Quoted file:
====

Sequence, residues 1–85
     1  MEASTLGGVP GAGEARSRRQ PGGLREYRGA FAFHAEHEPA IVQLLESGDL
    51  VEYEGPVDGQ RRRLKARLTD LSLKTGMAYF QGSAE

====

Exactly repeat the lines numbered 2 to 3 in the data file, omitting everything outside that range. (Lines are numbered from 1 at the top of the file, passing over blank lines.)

     1  MEASTLGGVP GAGEARSRRQ PGGLREYRGA FAFHAEHEPA IVQLLESGDL
    51  VEYEGPVDGQ RRRLKARLTD LSLKTGMAYF QGSAE